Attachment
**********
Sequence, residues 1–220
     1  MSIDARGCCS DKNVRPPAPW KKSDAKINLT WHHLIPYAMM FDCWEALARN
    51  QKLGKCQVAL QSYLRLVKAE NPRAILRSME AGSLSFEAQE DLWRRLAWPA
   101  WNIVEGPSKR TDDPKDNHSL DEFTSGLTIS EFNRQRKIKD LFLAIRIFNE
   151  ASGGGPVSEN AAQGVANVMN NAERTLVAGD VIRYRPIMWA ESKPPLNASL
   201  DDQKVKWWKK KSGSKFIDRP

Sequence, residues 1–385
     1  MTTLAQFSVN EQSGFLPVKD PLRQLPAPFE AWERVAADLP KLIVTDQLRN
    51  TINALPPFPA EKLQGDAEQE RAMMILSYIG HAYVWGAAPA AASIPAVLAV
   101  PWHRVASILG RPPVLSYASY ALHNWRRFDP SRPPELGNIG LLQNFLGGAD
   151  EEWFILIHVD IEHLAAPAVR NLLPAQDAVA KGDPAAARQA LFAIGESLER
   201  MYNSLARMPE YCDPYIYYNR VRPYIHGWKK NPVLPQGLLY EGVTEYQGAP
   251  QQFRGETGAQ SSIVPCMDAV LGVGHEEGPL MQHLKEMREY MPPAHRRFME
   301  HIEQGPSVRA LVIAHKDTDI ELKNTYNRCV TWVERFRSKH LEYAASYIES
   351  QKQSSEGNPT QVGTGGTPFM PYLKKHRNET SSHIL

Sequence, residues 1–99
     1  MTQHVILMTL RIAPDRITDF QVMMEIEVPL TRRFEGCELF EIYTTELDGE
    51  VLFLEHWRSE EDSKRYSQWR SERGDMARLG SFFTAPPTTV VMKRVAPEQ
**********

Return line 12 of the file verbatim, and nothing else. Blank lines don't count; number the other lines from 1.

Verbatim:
   201  MYNSLARMPE YCDPYIYYNR VRPYIHGWKK NPVLPQGLLY EGVTEYQGAP